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Thursday, July 20, 2006

Weblogging For School Improvement

I've been reading Blogs, Wikis, Podcasts, and Other Powerful Web Tools for Classrooms by Will Richardson and am enjoying it immensely. The uses for weblogs that are suggested are some of the same that I had thought of through reflection and reading other blogs, but Will's list also opened my eyes to new possibilities, especially in use by teachers.

The use of weblogs as a tool for teacher professional development makes total sense. I have been following the NECC 2006 Conference through blogs and podcasts of those attending by checking tags at Technorati and HitchHikr and have gained so much even though I was not on-site for the event. It would be sooo easy for our staff to do the same as they attend state, regional or national conferences for their content areas. Many times the school foots the bill for the workshop/conference and the teachers are asked to report back at a staff meeting or in-service day. By asking that the staff weblog about the event, we would have a record of the knowledge gained, a searchable digital source, and staff could recover this resource when it is relevant to their need. Sorry to say, teachers like students, are not motivated to their best effort unless relevance can be shown.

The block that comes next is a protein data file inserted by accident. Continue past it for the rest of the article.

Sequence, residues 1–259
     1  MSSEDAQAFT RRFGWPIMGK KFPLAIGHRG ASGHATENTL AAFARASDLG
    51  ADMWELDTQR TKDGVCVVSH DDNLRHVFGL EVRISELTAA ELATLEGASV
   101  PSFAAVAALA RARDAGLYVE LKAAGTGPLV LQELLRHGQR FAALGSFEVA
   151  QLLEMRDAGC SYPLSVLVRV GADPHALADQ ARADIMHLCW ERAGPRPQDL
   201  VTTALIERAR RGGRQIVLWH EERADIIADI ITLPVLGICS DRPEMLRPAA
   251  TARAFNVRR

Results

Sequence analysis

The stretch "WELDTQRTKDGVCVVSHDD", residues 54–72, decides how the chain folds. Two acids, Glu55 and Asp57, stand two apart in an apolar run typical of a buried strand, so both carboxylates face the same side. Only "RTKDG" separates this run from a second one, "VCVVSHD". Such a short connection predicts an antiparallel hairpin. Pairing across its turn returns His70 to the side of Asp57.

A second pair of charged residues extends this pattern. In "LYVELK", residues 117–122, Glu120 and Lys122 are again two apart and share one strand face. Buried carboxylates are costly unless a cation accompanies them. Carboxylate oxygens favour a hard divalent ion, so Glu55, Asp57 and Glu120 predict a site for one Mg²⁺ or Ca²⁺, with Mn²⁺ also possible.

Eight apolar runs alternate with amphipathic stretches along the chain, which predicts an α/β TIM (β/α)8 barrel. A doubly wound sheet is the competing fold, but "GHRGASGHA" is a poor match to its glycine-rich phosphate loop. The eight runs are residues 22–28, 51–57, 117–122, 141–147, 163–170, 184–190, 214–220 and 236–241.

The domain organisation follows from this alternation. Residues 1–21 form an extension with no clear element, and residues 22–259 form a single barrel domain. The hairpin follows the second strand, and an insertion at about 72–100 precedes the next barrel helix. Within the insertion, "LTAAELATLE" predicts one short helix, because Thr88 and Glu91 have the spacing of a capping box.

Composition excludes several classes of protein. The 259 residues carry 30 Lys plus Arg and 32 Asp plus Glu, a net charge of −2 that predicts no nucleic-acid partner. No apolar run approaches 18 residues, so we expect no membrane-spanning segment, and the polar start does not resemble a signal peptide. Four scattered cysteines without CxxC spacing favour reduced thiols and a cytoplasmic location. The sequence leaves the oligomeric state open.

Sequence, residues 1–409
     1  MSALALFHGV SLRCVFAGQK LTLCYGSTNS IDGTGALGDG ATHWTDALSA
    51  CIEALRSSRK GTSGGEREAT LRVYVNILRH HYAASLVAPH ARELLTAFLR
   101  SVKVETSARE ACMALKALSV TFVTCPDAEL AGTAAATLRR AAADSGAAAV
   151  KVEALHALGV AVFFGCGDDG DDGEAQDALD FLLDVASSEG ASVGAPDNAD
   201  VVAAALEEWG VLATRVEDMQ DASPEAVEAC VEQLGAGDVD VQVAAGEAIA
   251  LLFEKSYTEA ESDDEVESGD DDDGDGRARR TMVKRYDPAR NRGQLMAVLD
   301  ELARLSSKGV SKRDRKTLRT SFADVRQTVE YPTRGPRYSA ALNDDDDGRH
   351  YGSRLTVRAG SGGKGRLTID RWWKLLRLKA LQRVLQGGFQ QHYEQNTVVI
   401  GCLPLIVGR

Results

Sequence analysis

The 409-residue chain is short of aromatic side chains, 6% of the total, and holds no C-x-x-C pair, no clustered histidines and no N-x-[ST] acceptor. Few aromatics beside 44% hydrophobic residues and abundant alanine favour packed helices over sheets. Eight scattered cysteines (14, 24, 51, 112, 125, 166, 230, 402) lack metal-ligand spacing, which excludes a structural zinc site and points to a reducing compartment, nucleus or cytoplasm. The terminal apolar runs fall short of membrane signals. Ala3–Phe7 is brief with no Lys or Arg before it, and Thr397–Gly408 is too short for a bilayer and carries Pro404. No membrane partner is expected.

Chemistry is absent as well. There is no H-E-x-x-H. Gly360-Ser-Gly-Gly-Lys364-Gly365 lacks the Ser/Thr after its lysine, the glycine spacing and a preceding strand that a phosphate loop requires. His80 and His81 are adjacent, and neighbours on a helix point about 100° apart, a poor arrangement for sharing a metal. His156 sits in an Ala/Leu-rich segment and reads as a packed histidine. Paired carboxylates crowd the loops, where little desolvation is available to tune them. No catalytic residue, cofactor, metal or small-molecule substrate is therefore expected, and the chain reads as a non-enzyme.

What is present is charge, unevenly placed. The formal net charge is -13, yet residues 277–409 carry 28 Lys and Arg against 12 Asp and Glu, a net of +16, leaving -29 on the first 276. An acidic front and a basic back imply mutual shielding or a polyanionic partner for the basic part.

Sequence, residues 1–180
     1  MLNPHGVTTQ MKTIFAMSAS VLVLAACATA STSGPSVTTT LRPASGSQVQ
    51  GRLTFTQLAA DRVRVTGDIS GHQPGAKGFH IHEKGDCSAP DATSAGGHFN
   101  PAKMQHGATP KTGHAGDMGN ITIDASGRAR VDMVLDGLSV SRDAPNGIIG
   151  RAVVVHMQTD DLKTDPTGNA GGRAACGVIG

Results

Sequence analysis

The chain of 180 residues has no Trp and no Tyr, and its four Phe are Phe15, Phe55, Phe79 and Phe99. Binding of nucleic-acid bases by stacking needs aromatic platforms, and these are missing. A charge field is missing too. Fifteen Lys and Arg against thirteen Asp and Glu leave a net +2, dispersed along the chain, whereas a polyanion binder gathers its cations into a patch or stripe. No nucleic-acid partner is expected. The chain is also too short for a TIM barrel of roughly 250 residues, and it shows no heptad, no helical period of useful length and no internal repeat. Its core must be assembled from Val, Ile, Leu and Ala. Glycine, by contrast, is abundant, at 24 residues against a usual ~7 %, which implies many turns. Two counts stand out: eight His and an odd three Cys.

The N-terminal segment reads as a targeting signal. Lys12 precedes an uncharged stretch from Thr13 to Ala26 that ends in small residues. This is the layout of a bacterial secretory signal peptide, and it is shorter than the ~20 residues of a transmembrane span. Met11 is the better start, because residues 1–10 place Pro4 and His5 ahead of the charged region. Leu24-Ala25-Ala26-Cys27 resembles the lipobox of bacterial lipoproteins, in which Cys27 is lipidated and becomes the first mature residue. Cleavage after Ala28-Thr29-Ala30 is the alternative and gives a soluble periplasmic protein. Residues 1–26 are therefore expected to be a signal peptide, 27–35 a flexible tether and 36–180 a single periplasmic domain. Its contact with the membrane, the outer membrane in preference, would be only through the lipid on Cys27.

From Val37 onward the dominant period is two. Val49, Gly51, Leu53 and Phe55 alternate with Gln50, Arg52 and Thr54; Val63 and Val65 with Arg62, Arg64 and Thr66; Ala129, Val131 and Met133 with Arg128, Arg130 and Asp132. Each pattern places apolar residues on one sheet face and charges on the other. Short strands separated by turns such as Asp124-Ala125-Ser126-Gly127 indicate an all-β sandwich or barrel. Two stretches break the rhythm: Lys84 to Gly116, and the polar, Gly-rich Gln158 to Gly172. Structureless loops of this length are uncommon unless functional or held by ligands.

Our school improvement team was approached by a staff member who wanted to act as a "historian" that would record what was accomplished at in-service events, professional development etc... We agreed that this would be a good idea but didn't know how it could really be of applicable value to the entire staff. Now when school starts this fall I will be suggesting that our school improvement historian maintain the record with a weblog that the entire staff can view/comment.

Like many schools, we have monthly department meetings for the core content areas. The department chair could have the meeting and then weblog the information. It would be available to the team members of the department and would be a record of the work done by department members. Archiving of the digital record would allow members to search and refer back to information that was not relevant to them at the time, but has become important to their teaching situation.

Lastly, by having teachers take such an active role in collaboration of information through weblogs, the staff will be providing the students with a model to follow and learn from. When teachers grow, students will know. The experience of learning lasts a lifetime.

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